Guild Wars 2 to give purpose to achievements

snufflesLots of buzz this week over Guild Wars 2′s preview post for the year, as to be expected.  Three million copies sold, for starters, which is pretty dang impressive.  Still fun watching people try to come up with bendy logic to get around that number and declare the game is failing or what have you.  If three million copies sold isn’t a slight indicator of success, then your standards are just impossibly high.

There’s a lot of discussion in this post about upcoming features that I don’t personally care about.  Someone else will, undoubtedly, but not me.  WvW, guesting, PvP, leaderboards, Fractal dungeon improvements… yeah, I’m good, thanks.

However, I was encouraged by the mention of more guild-related activities.  I don’t get how undersupported guilds are in so many MMOs, particularly when developers are always saying how they’re the social glue that holds together the game.  So stuff to do together as a guild?  Awesome.

I’m most excited about some changes that are coming to the achievement system that encourages people to get out into the world and engage in daily activities.  GW2 already delivers reward chests for players who complete daily, monthly, or zone-wide achievements, but it looks like they’re going to take it a step further and open up a store that uses achievement points as currency.  Great idea.  I’ve kind of wanted to see this ever since World of Warcraft and Warhammer Online started leveraging achievements in a big way.  It sounds like the new system will be more flexible, with a choice between what activities you want to do to constitute your daily achievement.

I’m not feeling a particular lack of anything in Guild Wars 2 right now, save a solid housing system (seriously, ArenaNet, we know you could do so good in this area) and a much better wardrobe outfitter.  The world is still a genuine pleasure to explore, and I seriously cannot wait to finish map completion so I can explore it all over again on an alt.  Maybe I should push harder to finish up, I’ve really been taking my time as of late.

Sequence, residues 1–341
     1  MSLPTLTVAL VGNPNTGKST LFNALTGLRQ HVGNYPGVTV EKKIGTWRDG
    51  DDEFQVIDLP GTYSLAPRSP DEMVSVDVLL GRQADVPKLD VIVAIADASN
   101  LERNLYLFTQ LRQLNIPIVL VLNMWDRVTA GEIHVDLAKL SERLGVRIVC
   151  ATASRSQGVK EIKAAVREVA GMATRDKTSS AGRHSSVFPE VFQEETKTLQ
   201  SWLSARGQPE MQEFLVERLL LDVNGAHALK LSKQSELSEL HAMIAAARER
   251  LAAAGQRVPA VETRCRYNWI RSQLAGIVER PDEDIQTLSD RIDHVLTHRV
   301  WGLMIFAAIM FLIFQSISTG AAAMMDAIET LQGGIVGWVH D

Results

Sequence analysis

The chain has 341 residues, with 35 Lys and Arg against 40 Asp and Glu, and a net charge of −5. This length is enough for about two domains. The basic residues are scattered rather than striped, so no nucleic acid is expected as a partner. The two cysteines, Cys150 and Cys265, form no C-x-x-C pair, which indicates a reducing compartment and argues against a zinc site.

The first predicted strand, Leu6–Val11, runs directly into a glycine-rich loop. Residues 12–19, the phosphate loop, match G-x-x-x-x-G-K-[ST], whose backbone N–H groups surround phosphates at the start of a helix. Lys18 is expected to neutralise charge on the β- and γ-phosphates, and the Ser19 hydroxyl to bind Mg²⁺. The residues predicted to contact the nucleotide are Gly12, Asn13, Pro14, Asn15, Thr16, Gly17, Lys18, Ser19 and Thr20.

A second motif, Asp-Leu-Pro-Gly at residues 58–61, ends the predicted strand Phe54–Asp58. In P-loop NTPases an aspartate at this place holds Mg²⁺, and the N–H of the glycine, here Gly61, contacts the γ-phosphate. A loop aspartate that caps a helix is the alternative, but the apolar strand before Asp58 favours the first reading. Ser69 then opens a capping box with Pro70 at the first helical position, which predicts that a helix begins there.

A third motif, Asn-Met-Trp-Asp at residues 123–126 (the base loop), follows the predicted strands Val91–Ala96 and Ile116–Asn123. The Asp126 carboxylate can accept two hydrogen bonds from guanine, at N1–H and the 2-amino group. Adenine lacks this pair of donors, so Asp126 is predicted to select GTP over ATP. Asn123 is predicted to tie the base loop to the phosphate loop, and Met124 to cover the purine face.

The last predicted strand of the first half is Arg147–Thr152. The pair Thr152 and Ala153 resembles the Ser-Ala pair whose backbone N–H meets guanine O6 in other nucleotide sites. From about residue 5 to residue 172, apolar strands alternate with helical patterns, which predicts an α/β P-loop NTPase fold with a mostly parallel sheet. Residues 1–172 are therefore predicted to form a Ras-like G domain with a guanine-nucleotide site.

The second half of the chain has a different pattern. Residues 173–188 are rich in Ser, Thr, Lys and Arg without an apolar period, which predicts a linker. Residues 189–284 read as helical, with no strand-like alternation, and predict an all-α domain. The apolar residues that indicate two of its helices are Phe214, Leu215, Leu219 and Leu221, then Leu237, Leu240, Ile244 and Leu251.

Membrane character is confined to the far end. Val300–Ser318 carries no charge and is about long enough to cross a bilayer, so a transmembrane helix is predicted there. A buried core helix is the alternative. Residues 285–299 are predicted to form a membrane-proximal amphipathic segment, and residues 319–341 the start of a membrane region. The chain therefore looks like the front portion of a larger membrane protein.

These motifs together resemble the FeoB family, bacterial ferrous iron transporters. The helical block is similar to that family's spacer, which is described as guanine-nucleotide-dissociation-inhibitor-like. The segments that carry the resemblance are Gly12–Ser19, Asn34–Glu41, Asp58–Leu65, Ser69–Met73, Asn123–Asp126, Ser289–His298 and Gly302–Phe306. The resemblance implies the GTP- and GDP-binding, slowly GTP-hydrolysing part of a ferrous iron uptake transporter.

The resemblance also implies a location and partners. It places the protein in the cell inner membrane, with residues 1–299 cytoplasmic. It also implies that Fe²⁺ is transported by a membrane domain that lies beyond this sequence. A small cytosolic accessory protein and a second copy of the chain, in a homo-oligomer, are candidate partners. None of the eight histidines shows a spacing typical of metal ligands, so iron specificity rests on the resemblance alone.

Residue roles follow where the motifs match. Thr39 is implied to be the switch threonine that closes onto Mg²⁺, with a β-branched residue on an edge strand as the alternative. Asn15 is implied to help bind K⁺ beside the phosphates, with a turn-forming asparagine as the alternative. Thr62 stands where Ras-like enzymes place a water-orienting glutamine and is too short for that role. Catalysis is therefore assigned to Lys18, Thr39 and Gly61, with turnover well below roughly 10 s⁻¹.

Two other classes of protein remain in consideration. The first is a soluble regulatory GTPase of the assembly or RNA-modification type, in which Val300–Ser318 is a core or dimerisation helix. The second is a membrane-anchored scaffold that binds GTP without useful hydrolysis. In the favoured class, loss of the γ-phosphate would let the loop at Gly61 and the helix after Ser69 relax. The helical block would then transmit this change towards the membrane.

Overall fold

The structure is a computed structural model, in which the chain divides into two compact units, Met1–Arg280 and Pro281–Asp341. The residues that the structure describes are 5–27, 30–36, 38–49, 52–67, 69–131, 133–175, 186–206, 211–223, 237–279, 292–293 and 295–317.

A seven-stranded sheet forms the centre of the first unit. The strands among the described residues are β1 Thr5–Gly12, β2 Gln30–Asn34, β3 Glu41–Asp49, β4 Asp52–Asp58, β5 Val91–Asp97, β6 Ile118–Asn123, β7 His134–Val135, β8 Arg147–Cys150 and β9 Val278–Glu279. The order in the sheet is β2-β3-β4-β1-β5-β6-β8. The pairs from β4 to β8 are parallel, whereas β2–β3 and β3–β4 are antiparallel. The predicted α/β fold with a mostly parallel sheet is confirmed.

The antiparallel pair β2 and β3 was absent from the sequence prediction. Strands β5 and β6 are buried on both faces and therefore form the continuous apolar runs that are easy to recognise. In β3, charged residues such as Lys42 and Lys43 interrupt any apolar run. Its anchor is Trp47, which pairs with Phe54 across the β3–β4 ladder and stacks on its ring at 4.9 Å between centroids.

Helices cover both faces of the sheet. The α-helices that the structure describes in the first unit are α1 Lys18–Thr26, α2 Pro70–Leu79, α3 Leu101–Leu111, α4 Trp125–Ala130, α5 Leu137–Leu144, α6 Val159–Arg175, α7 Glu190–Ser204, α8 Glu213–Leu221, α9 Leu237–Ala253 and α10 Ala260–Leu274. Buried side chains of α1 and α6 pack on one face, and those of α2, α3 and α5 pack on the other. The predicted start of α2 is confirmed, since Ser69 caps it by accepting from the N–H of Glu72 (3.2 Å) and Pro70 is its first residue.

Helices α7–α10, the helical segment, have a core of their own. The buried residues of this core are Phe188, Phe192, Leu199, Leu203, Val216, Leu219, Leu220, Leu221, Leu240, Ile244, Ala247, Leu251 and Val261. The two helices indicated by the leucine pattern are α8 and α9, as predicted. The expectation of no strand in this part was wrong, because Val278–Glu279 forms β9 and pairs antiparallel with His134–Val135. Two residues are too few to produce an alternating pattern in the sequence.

Anyway, I’m in general approval of this state of the game post.  It’s nothing that made me stand up and cheer, but there’s enough good stuff there that has me feeling like the game is steering a good course and will continue to do so.

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5 thoughts on “Guild Wars 2 to give purpose to achievements

  1. Sounds cool. I’ll have to read the SotG when I have proper access the site. We’re discussing on Mercy Gaming’s TS the purpose of the achievement points, which for now there really isn’t any other than bragging rights. If they’re going to be used as currency, I’m down with that.

  2. 3 million copies sold is impressive for a single player game however I won’t, personally, measure the success of a MMO solely based on the number of copies sold. So your claim of GW2’s success (if that’s what you are saying) is also based on bendy logic too!

    If anyone is interested, I measure the success of a MMO based on player retention and I have no idea if GW2 is success or not. :)

  3. Hmm It would be based on player retention if the game was a subscription MMO but it isn’t so ………. do players matter or is it regarding revenue and turnover (it is a business afterall)

    You can actually view GW 2 in two ways:

    Box sales

    and more importantly for ArenaNet – gem sales of existing and returning players

    I personally have spent about a fair bit on gems to buy dyes etc and will probably continue to do so as I feel the cash shop is done pretty damn well. Im currently playing LoTRO alongside GW 2 and Turbine are in my opinion shocking in comparison.

  4. Success is a relative thing and can be defined multiple ways. What qualifies as success for one thing can be a failure for another.

    For example, I completely disagree with Pitrelli on the gem shop. I feel that it is a laughable offering. Full of meaningless, worthless tripe and traps for the naive.

    Whereas I rather liked LotROs cash shop, apart from the terrible interface and the lack of skins for people who weren’t a) robe wearers or b) elves.

  5. If you are interested in *finacial* success only, then count box sales (in a B2P game). I can see that financial success is important for fans of GW2, because it means new content and other forms of continued support for the game.
    But as a gamer I am more interested if a game and its mechanics are well received by players. And this is not measured with box sales, only with retention. You can sell a lot of boxes on hype and IP alone, cf. SWTOR.

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